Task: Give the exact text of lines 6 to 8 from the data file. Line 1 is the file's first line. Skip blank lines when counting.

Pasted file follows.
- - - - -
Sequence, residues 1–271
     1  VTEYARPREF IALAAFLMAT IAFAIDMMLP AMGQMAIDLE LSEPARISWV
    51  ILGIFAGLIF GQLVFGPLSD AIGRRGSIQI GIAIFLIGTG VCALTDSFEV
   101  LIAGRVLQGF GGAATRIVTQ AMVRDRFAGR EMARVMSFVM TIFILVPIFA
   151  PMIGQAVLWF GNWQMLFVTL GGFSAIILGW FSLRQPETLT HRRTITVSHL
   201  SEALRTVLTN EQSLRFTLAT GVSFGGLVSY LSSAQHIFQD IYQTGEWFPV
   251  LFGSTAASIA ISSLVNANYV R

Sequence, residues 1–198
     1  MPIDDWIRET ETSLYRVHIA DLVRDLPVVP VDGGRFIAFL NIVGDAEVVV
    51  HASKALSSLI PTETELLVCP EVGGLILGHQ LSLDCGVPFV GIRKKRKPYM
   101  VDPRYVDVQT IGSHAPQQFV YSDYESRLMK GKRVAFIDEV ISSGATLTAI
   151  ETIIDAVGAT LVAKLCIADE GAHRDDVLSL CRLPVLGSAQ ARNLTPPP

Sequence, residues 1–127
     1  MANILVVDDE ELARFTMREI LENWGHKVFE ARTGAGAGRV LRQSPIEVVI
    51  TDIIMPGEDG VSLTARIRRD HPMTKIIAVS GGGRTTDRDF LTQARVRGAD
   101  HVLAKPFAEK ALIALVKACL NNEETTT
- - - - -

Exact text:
   201  SEALRTVLTN EQSLRFTLAT GVSFGGLVSY LSSAQHIFQD IYQTGEWFPV
   251  LFGSTAASIA ISSLVNANYV R

Sequence, residues 1–198